US Navy developing weapon that blasts target's own voice back at them

US Navy is developing sonic weapon that blasts the target’s own voice back at them leaving them disoriented and unable to communicate

  • A patent for a handheld Acoustic Hailing And Disruption (AHAD) system was approved in June
  • The device records a subjects voice then plays it back at them on a slight delay
  • Due to the feedback, ‘the target speaker’s concentration will be disrupted’ the patent reads
  • The non-lethal weapon would making it difficult for a target to continue speaking

The US Navy is working on a non-lethal weapon that would render a person unable to communicate.

The handheld Acoustic Hailing And Disruption (AHAD) system records a subject’s voice with a long-range microphone then amplifies it and plays it back on two distinct tracks, one nearly simultaneous with the original and another on a slight delay, perhaps a few hundred milliseconds.

Using a parametric speaker, it directs the sound back at the person speaking, with the resulting echo theoretically disorienting the person and impeding their attempts to continue talking.

‘Due to the delayed auditory feedback effect, the target speaker’s concentration will be disrupted, making it difficult for them to continue speaking,’ according to the weapon’s patent application, approved in early August.

The chatter would be inaudible to anyone else, New Scientist reports, ‘so, as far as any bystanders can tell, the target will seem to have trouble speaking for no obvious reason.’

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The handheld Acoustic Hailing And Disruption (AHAD) system records a subject’s voice  then amplifies it and plays it back on a slight delay, perhaps a few hundred milliseconds.  ”Due to the delayed auditory feedback effect, the target speaker’s concentration will be disrupted,’ reads the device’s patent application, which was approved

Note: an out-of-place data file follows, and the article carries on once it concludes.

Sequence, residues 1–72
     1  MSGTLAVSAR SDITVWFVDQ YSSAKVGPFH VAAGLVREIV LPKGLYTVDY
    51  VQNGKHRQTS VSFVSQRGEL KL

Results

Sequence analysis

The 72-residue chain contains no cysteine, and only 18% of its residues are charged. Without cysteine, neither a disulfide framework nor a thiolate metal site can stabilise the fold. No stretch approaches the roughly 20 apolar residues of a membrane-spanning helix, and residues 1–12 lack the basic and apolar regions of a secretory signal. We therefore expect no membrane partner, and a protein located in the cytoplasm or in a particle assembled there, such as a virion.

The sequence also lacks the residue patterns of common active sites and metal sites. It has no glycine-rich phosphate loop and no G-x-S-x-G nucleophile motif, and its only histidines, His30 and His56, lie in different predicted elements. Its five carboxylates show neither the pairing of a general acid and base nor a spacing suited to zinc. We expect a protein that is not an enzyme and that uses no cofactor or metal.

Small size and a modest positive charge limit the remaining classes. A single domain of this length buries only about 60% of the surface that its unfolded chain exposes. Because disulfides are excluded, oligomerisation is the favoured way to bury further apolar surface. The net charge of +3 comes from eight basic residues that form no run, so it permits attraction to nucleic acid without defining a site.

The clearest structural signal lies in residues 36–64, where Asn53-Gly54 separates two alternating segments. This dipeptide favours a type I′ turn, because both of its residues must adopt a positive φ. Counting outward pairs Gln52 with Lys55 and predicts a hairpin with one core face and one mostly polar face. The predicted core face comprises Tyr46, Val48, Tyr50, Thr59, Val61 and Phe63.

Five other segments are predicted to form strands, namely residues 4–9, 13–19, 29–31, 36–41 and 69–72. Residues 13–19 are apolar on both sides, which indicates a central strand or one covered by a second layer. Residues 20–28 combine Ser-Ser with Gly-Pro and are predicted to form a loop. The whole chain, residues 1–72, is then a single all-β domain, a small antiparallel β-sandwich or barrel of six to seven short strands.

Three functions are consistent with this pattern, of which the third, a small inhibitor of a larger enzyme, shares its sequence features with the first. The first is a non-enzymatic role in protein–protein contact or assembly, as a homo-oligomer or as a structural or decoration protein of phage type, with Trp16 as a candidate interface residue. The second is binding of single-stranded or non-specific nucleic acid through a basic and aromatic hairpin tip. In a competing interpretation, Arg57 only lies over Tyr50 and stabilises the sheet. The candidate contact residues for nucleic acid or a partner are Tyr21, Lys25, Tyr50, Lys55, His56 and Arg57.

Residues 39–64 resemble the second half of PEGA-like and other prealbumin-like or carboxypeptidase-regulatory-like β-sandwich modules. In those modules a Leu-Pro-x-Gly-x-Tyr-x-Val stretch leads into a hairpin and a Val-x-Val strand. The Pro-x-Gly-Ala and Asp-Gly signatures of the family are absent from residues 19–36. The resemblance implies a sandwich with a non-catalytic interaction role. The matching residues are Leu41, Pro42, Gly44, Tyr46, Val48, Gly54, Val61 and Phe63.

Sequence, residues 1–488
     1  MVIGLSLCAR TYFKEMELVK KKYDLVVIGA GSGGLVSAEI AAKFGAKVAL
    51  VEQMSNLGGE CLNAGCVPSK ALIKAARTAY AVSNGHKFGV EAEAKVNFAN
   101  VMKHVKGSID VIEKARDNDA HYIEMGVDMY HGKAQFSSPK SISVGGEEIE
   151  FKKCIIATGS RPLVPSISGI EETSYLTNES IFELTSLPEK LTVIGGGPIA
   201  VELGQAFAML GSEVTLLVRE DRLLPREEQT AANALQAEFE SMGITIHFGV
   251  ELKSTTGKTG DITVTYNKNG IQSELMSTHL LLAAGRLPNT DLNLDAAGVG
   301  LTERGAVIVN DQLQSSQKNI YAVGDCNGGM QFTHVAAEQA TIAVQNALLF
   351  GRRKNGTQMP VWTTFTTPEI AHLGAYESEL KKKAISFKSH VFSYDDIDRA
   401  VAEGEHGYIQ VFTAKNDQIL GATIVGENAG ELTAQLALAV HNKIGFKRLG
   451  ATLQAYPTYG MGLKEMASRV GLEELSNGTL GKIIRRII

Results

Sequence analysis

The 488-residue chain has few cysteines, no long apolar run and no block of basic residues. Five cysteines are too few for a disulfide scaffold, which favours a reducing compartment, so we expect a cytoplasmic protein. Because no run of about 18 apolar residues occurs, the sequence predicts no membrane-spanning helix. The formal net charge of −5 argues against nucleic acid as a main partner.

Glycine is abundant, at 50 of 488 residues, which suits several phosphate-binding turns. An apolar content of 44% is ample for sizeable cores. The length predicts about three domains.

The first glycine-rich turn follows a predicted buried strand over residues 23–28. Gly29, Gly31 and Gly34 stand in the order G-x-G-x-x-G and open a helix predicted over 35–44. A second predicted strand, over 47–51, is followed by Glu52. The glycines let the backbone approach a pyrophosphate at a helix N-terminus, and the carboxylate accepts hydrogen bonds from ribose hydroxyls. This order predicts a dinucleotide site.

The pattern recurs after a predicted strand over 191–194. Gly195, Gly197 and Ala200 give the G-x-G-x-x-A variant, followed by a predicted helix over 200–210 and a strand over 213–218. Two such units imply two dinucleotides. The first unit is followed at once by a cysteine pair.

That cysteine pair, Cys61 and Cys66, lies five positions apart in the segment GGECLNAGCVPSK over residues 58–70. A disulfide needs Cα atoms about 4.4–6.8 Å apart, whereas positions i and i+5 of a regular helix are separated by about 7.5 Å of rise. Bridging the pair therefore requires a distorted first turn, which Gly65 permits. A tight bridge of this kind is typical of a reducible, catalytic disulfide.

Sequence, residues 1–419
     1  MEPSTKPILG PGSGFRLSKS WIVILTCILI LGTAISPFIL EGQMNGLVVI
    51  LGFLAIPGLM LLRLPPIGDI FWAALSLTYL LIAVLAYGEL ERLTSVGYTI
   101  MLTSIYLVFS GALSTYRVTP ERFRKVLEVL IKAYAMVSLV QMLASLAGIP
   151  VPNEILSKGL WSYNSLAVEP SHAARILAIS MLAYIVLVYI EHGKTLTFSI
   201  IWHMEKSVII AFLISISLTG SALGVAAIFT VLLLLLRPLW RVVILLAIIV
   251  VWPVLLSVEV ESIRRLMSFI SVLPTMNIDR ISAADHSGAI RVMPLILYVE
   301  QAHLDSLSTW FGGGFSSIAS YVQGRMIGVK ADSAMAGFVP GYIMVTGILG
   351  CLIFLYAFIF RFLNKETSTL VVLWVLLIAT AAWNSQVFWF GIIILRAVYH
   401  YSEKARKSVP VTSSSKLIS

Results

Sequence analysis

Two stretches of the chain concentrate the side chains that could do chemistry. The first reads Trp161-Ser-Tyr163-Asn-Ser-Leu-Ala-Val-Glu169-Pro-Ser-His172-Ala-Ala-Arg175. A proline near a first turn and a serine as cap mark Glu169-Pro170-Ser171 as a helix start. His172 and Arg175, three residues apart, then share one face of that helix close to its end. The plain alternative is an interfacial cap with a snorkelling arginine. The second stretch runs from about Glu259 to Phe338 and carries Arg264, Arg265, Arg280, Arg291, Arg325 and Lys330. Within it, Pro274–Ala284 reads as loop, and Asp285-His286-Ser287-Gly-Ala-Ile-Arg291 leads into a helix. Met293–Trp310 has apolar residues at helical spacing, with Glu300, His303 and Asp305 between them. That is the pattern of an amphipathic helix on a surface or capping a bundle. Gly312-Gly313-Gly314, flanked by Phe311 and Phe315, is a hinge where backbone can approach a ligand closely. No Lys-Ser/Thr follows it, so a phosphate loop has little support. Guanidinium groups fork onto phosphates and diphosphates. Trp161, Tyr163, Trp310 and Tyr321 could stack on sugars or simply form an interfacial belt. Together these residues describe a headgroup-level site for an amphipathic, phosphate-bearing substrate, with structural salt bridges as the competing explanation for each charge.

The AHAD patent was granted to Christopher Brown, an engineer at the Naval Surface Warfare Center near Bloomington, Indiana.

It’s not clear if the device has been constructed or tested, though the Navy filed the patent in 2019.

Researchers at Japan’s National Institute of Advanced Industrial Science and Technology in Tokyo tested a similar device, called a ‘SpeechJammer,’ in 2012, saying it was useful for ‘controlling discussions.’

‘This effect can disturb people without any physical discomfort, and disappears immediately by stop[ping] speaking. Furthermore, this effect does not involve anyone but the speaker.’

A rendering of the AHAD system, submitted by Navy engineer Christopher Brown

A Soundlazer parametric speaker would focus the disorientating audio at the target, so bystanders would think they had trouble communicating for no apparent reason

Acoustic hailing devices (AHD) have been used on ships, at checkpoints, and mounted atop vehicles for years, according to Task and Purpose, though usually to warn individuals if they are getting too close to a restricted area, not to stymie their speech. 

The AHAD device is just the latest nonlethal weapon envisioned for military use.

In 2019, Russia outfitted two warships, the Admiral Gorshkov and the Admiral Kasatonov, with an optical interference weapon that can induce vomiting and even hallucinations.

The 5P-42 Filin fires a strobe-like dazzling beam which can induce nausea, vomiting and hallucinations

The 5P-42 Filin releases a dazzling strobe-like beam to disrupt an enemy’s eyesight — causing them to miss their targets but also inducing deliriousness and nausea — without causing permanent damage.

Developed by Ruselectronics, the device was tested by volunteers shooting various weapons — including assault rifles, snipers and machine guns — at targets under the Filin’s protection.

All the participants saw their accuracy reduced by impaired vision and half noted signs of disorientation, nausea and dizziness, according to state-owned Russian news agency RIA Novosti.

The Filin, which means ‘Eagle Owl,’ can also suppress infrared lasers and night-vision devices, as well as the guidance systems of anti-tank guided missiles, at a distance of up to three miles.

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